- In order to show that we are regularly maintaining our HIPAA program, it’s a good idea to do a monthly risk assessment to ensure that patients’ information is protected as possible. Every month, have a meeting, see if any changes were made, and discuss any changes that need to be discussed. Date the form, and place it in the HIPAA notebook so you can show that you are constantly attending to the program: (click here for HIPAA monthly risk assessment)
- Here’s a sample Notice of Privacy Practices you can configure to use in your office. It has the changes required under the HIPAA Omnibus laws and is available in Word so you can make changes for your office. (click here for Notice of Privacy Practices)
- Here is a sample of a dental Authorization and Medical information release form, which gives you a place to ask patients when and where to leave a message, who to talk to, etc.: HIPAA medical release and authorization.
- If you make non-routine disclosures allowed by law, you don’t have to get patient authorization, you just have to document the disclosure on an Accounting of Disclosure log (examples: reporting a patient with suspected TB to the health department or complying with a subpoena for a patient’s record). Click here for Accounting of Disclosures
- If a breach occurs, and it involves less than 500 people in a single geographic area, a log must be kept and electronically submitted at the end of the year. Here is a Breach Notification log to record the breaches during the year: (click here for Breach Notification Log)
- Here is a business associate agreement that is easy to read and is a great starting place: HIPAA Business Associate Agreement sample (it’s in Word so you can customize it for your office). Take this and check with your liability carrier or lawyer to ensure that this agreement protects your office from liability in the event they cause a breach involving your patients’ information. You want to ensure that they are responsible, financially and otherwise, for notifying patients, HHS, and the local media in the event of a breach, and you want to make sure they have liability insurance so they can cover any losses they cause):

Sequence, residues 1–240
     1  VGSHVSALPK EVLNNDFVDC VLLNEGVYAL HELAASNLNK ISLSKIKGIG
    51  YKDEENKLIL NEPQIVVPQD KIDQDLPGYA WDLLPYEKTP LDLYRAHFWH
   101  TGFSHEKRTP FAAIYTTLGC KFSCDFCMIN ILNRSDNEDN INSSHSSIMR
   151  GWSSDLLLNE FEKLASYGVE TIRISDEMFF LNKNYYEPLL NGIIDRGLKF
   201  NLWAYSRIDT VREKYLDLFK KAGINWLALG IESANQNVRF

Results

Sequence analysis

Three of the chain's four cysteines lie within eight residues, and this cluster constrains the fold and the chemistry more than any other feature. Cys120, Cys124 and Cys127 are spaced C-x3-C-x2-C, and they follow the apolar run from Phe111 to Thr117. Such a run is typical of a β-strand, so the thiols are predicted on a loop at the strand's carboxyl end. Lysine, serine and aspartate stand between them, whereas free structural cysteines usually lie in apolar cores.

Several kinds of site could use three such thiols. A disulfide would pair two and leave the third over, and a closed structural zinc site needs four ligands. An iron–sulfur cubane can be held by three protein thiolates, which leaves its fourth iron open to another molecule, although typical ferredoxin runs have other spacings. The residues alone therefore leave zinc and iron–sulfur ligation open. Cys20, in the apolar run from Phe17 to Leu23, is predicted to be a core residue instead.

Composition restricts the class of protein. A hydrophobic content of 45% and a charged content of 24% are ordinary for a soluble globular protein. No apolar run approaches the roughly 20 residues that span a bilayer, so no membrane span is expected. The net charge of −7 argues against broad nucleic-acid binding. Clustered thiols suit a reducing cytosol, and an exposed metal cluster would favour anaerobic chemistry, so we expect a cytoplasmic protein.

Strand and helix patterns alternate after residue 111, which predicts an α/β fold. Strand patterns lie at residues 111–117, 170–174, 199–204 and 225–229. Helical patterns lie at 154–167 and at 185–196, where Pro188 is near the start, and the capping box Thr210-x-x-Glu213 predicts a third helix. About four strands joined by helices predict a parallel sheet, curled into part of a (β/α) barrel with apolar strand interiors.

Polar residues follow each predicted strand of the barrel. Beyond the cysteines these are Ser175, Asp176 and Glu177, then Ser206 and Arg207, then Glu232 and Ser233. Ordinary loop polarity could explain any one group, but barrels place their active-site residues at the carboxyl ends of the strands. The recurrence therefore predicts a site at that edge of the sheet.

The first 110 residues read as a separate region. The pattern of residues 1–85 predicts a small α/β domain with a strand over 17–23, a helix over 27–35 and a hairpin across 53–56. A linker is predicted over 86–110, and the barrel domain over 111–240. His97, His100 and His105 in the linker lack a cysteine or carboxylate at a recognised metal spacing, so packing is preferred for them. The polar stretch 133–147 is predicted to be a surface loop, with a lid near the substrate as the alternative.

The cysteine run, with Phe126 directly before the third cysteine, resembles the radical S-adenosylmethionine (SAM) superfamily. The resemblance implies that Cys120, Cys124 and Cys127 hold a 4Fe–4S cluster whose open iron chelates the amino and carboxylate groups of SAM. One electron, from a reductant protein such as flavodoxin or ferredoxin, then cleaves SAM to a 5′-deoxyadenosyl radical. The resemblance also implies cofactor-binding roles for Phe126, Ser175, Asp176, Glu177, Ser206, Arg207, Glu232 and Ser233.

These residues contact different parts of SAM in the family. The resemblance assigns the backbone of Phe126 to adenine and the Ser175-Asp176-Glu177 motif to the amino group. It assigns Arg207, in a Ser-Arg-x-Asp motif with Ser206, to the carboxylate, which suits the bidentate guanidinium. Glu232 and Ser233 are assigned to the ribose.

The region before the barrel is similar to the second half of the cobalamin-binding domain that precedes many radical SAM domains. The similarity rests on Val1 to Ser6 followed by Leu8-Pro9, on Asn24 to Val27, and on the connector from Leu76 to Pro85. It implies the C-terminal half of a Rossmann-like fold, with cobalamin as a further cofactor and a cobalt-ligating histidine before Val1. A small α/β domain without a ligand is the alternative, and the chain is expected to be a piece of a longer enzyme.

- If you already have agreements in place, here are sample amendments for existing business associate agreements from the ADA and other sources. Hopefully, your office (along with your attorney) can use this language to supplement your existing agreement that can protect you and your interests in your relationships with your business associates. “Business Associate Agreement Amendment” and HIPAA bus assoc agmt
- Here’s a good example you can use for a fax cover sheet that contains private health information: (click for HIPAA Form fax cover sheet)
- Here is an authorization form you can alter for use for any patient whose dental work is paid for by another person (so you can disclose information but still comply with HIPAA requirements).We run into situations all the time where HIPAA prevents us from disclosing information but, for practical reasons, we need to disclose information so we can get paid (examples: moms who bring in college-age kids for dental work and they’re still paying the bill, divorced parents who don’t want the other to get information but they want us to bill them for payment, 40 year olds who are getting their dental work paid for by their parents, etc.) Make it a policy in your office that anyone who has a financial interest in another person gets information and then have them sign this Authorization. If a patient doesn’t like this policy he can pay the bill himself or he can choose to go somewhere else. (Please note that you can’t refuse treatment specifically because a patient refuses to sign an authorization, but you can dismiss a patient for violating office policies, so long as you follow state and federal laws and make sure you don’t “abandon” your patient.) Anyway, it takes us out of the middle and will (hopefully!) help protect us from HIPAA violations.
- We all have work and school excuses we hand to patients; they then choose whether to hand that to their employer. However, if a patient wants you to verify what work was done over the phone, personally, or in writing, this authorization will give you permission from the patient to release the information: click here for Medical Excuse for Patients
- If you use patients’ photos, videos, or xrays in your office for before/after pictures, on your website, on social media, etc., you need a patient authorization in order to use the information. Many offices now have patients sign this as part of their initial paperwork.(click here for HIPAA photo authorization)
- The HIPAA Breach Assessment allows you to analyze a potential breach to determine if a breach has actually occurred: Click here for the HIPAA breach assessment
Miscellaneous Forms and Fact Sheets:
Sample Dismissal Letters:
- Here are some sample letters you can use as guidelines for your own dismissal letters. Please note that copying costs of records depend on state and HIPAA law, so be aware that the costs may vary, but all law agrees that the cost should be pretty much limited to the actual costs of duplication and mailing. Also be aware that you cannot withhold records just because a patient has a balance. Finally, the usual legal stuff… these letters are not comprehensive, they are not representative of every situation, they are not meant to constitute legal advise, blah, blah. Anytime you’re not sure about how to handle a situation, always consult your attorney. Sample Dismissal Letters click here to view / print these samples
- You never have to pay for required posters for your workplace!